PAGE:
We know that the sales of hard goods (regulators, BCDs) are down. People don’t want to travel with these big items with the way airlines currently operate. They may also prefer to go diving only one day on a vacation that includes many other activities. On top of that, current scuba gear doesn’t look cool at all to the younger generations. We need to redesign dive gear seriously.
Even the sales of fins-mask-snorkel are trending toward mask-snorkel, only. People want to travel light.
Of course, you may continue to push the sales of these items — but there is just so much success to be had by going against what consumers want.
The good news is that there are products you could sell a lot more of if you adjust the displays in your store and re-train your staff. For instance, wetsuits, dive computers, and accessories.
In DEMA’s Diving Fast Facts, we find a compelling answer to a question about selling scuba gear. The question to scuba divers was: What equipment do you plan to purchase in the next 12 months? The Top 2 answers were Dive Computer (17.3%) and Wetsuit (16.5%). Customers know what they want. Adapt. And benefit from it.
I never see a diver on a dive site with a recreational dive planner. People either dive with computers or wing it, which is wholly irresponsible. So, it may be much more profitable for you to push divers to either have their own dive computer, instead of trying to sell him a regulator.
The selling arguments for a dive computer are numerous. It’s your life! It’s small to carry with you on vacation. It should not be shared. And so on.
I do not understand why we have wetsuits available on rental — or why we lend wetsuits to our students. It doesn’t make any sense to me for hygiene reasons.
Would you consider renting or lending bathing suits? Of course not. It would be unacceptable, nobody does it, and no client would want it. Well, the same rule should apply to wetsuits.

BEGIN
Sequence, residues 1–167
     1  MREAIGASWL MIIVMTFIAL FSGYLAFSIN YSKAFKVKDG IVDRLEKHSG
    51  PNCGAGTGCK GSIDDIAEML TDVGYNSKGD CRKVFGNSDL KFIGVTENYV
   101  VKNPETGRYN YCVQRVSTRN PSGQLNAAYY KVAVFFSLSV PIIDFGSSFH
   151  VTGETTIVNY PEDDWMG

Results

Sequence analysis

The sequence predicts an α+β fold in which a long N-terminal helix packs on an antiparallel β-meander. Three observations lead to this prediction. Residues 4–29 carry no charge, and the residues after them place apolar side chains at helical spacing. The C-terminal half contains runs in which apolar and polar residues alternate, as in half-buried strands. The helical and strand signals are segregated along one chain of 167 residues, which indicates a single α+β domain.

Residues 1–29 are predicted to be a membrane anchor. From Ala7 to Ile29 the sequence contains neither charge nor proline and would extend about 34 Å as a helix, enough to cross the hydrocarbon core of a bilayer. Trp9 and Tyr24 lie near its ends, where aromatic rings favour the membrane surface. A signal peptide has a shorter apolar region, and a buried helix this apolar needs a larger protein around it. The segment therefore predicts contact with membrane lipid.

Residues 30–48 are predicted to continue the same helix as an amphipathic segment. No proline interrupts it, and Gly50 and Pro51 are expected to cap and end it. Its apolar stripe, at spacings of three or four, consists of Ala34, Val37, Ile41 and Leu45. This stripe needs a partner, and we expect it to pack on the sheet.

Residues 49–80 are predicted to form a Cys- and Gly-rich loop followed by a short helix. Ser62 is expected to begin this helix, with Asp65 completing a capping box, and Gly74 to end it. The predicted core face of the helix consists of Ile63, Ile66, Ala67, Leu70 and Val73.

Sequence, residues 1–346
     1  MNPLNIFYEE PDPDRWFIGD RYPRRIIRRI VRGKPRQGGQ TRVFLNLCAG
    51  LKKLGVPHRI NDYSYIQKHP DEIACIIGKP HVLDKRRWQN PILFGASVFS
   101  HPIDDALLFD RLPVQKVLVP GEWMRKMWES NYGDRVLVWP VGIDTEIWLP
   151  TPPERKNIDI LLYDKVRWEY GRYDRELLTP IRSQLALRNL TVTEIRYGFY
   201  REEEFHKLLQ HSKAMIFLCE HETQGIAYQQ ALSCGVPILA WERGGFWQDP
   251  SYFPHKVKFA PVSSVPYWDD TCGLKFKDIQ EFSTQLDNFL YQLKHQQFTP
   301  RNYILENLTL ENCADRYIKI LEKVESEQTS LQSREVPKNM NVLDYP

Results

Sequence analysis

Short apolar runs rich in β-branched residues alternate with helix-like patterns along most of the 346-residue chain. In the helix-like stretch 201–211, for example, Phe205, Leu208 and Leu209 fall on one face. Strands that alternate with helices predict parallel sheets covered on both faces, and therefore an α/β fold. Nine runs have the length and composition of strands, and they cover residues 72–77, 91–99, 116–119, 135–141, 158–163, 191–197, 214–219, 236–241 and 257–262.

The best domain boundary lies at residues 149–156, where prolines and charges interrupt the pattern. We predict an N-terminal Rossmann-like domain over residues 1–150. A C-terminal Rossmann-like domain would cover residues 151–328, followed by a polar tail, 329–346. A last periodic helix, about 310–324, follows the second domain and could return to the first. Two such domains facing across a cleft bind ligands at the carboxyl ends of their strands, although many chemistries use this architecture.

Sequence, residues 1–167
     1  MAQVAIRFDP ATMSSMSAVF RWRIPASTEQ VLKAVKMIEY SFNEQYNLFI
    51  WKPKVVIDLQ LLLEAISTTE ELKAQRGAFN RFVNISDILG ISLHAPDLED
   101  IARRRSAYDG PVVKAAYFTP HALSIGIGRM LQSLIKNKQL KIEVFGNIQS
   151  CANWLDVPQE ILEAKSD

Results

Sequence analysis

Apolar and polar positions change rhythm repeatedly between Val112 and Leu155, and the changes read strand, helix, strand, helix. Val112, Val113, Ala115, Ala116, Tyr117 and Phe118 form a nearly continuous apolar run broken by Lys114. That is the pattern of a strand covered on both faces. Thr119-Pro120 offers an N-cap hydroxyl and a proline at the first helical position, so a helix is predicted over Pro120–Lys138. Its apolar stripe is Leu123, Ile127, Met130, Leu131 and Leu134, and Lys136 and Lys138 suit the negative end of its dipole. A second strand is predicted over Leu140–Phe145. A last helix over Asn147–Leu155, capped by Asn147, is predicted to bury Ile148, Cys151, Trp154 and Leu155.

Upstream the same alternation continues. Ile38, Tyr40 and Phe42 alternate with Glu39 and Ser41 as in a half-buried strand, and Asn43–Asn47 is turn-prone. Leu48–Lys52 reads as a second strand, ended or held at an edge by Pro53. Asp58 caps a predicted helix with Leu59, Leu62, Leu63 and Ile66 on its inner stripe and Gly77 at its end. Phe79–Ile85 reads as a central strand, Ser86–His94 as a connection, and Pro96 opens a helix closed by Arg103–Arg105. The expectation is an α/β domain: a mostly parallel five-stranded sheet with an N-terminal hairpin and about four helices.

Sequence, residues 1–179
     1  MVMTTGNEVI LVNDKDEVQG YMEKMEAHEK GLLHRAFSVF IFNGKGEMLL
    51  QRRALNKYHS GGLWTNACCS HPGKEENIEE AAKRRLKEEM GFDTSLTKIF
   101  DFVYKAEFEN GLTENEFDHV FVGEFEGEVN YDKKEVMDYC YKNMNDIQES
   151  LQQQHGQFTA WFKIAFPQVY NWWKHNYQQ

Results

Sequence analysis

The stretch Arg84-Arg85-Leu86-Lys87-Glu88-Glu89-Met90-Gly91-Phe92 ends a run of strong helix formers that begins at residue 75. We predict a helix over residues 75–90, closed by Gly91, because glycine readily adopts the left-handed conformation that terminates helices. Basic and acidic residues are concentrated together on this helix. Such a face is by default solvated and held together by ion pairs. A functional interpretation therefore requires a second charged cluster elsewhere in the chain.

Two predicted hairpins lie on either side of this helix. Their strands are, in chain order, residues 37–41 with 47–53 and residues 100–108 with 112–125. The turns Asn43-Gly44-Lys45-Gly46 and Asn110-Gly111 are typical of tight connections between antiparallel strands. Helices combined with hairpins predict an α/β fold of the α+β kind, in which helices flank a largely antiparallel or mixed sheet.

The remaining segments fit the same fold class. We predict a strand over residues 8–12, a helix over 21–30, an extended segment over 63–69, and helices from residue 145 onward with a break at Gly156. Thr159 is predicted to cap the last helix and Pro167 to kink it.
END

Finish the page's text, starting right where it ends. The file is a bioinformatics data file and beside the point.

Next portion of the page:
Would you consider renting bathing suits? Of course not. The same rule should apply to wetsuits. Sell them.
I’m also surprised we didn’t yet get bad press coverage about such a questionable business practice.
We really should be selling a wetsuit to every diver we train. For those of you requiring that all your students purchase fins, mask, and snorkel, you should add wetsuit to that list — and get rid of all your rental wetsuits. It will reduce your assets and your need in capital.
Check the summary of the last MSI Index available to DEMA members.
Overall sales of scuba gear were down by 2.7%. Meanwhile, the “accessories” category was the only one showing growth, and it was 4.7%.
I rarely see a complete and proper display of accessories in dive centers I visit. You have to do two things to increase your sales in this category.
- Order a lot of them. Accessories are not something people will order and wait to get a month later.
- Find a merchandising specialist to help you. Accessories must be very visible and preferably near the cash register. Many accessories are sold as an impulse buy.
Skills To Sell Scuba Gear & Outdoor Equipment
No matter what strategy and tactics we implement to sell scuba gear, you’ll get nowhere if the in-store staff is not trained to sell scuba gear.
You are convinced that a scuba diver needs to learn a few skills before going underwater alone with his buddy. The same principle applies to your in-store staff. Don’t throw them in the store and expect great results if they didn’t receive proper sales and customer service training.
To sell scuba gear in this day and age, you have two roads in front of you.
- Option 1: You are currently operating a dive center, and you need to sell more dive gear next month. In this case, start working on revising your product-mix as discussed above, adjust your merchandising, and provide proper sales & customer-service training.
- Option 2: You want to define a new business model for your enterprise to generate outstanding ROI based on delivering more value to the consumer at a lower cost. In this case, you want to include the Octopus and DTC strategies in your plans. And you will want to start with the Blue Ocean strategy framework.
Once a Blue Ocean strategy is established, we can start figuring out the best plan and timetable to roll it out. In such a complete redefinition of the dive industry business model, it’s usually preferable to start with mastering our core products and services (scuba diving) before expanding too much into new products and services. Stretching ourselves too thin often leads to failure.